The problem is, folks used the equity in their homes to back it all up. Refi became the name of the game. Up to your eyeballs in debt? Consolidate it into your home loan! Need cash? Refi, baby! Looking to buy a house? "Hey, buddy, how about a quick 100% (or 110% or 120%) of value loan!" Mailers offering "$1,000,000 loans for $3300 a month, EZ qualifying!" flood my office desk. "100% CASH OUT REFIS!" scream others. Go ahead and read that Prechter quote one more time. Enticingly low interest rates allowed folks to rationalize an entire pot full of financial decisions.

So what if everyone borrows their way to "prosperity?" Is there a problem, officer? Unfortunately, history says yes - credit bubbles don't have happy endings. Eventually, folks decide they have borrowed enough and they cut back. The credit-driven economy falls of its own weight. Even low interest rates no longer entice people to borrow. The short-term fix ends up adding to the post-bubble, long-term problem, as the increasing burden leads to a braking economy, a credit contraction, falling asset values and not enough liquidity left in the marketplace to prop everything back up. The result is a full-blown liquidity crisis, affecting all asset values - stocks, bonds, real estate, precious metals, collectibles - at least for a time.

"The psychological aspect of deflation...cannot be overstated," Prechter continues. "When the social mood trend changes from optimism to pessimism, creditors, debtors, producers and consumers change their primary orientation from expansion to conservation. As creditors become more conservative, they slow their lending. As debtors and potential debtors become more conservative, they borrow less or not at all. As producers become more conservative, they reduce expansion plans. As consumers become more conservative, they save more and spend less. These behaviors reduce the "velocity" of money, i.e., the speed with which it circulates to make purchases, thus putting downside pressure on prices. These forces reverse the former trend."

Market technician Phillip Erlanger refers to the current phenomenon as "inflation in all the wrong places and deflation in all the wrong places." Yes, there are pockets of inflation evident within the global economic framework but those will prove to be gnats on the back of the slow-moving deflationary elephant. Mostly, those rising costs put the squeeze on producers, who lack the pricing power necessary to pass those cost increases along (go ahead and ask now just-above-junk-bond rated General Motors about that). In fact, while rising crude oil and fuel prices seem to skew the numbers towards inflation now, the squeeze it imposes upon consumers and others will actually be deflationary, as people curtail purchases and start looking for ways to dig their way out of debt (the good news is, deflationary history suggests that oil and gas prices will fall, as well).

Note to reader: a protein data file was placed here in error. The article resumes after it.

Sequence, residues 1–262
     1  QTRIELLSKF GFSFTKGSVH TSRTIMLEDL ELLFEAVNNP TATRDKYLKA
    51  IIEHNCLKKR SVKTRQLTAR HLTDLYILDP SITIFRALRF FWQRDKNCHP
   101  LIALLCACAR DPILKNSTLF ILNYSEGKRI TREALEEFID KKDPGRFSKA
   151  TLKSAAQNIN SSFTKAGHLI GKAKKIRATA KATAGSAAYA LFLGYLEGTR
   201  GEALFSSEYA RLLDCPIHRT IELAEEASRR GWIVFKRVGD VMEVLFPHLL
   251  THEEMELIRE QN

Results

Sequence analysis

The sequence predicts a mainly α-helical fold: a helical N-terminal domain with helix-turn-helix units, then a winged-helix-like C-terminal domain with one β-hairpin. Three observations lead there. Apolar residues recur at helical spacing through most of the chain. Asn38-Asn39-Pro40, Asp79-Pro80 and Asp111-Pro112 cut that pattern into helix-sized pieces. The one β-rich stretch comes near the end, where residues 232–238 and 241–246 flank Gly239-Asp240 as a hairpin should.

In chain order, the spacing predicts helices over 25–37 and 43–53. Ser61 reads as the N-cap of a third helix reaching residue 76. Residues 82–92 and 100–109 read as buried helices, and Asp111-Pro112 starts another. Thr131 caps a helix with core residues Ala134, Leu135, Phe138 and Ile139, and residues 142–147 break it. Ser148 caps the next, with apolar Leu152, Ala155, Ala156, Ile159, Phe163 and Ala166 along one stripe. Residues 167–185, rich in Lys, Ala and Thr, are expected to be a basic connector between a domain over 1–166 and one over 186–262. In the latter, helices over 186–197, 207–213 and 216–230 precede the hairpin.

Forget the mainstream financial media; the reversal has begun. The again-declining stock market - particularly at this point in the post-bubble wave pattern - is a telling and leading indicator, as is the drop in the money supply and in the velocity of money. Commodity prices are falling. The "flattening" of the bond yield curve (short term interest rates rise; longer term rates don't), a precursor to economic recession, looms large. And given the fact that Americans have spent the last three years using the equity in their homes to "buy stuff," there is really no way around it at this point. Consumers are quietly putting their clothes back on after their three year borrowing/spending orgy. The irresponsible, Fed-encouraged post-bubble borrow-fest is winding down and there simply is not enough savings nor fundamental (read: manufacturing) strength in the U.S. economy to support any investment market - at least for a while. Up to their eyeballs in debt, the rules of the consumer game are about to change and debt reduction is sure to be the coming rage. Deflation is upon us.

Because the credit contraction will be taking place in a post-bubble framework, the result will be a slow, grinding, painful decade-long decline for most, if not all asset classes. As the money supply necessarily contracts (and without a national savings rate to back things up), today's asset values will become downright nostalgic.

Most significantly, when the post-bubble shakeout is winding down, the vast majority of Americans will be unable to play the investment game, and cash will be king.

Those who prepared themselves by holding cash will be able to cherry-pick assets in many cases for literally pennies on the dollar. I sincerely hope you'll be one of them.


Steve Moyer

Author: Steve Moyer

Steve Moyer,

Steve Moyer is a columnist and assistant editor of the monthly newsletter, Ponder This.... ( He has been an investment real estate broker since 1982. Contact Steve at